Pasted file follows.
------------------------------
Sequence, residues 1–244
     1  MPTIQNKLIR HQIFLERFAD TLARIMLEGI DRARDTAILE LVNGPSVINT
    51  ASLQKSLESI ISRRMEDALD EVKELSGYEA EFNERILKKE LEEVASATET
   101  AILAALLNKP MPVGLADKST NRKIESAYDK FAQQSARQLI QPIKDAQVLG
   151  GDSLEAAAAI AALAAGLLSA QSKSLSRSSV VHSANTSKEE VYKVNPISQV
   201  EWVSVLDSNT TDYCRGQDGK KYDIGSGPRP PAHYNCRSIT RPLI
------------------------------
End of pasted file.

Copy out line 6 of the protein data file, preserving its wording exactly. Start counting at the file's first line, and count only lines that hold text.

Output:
   201  EWVSVLDSNT TDYCRGQDGK KYDIGSGPRP PAHYNCRSIT RPLI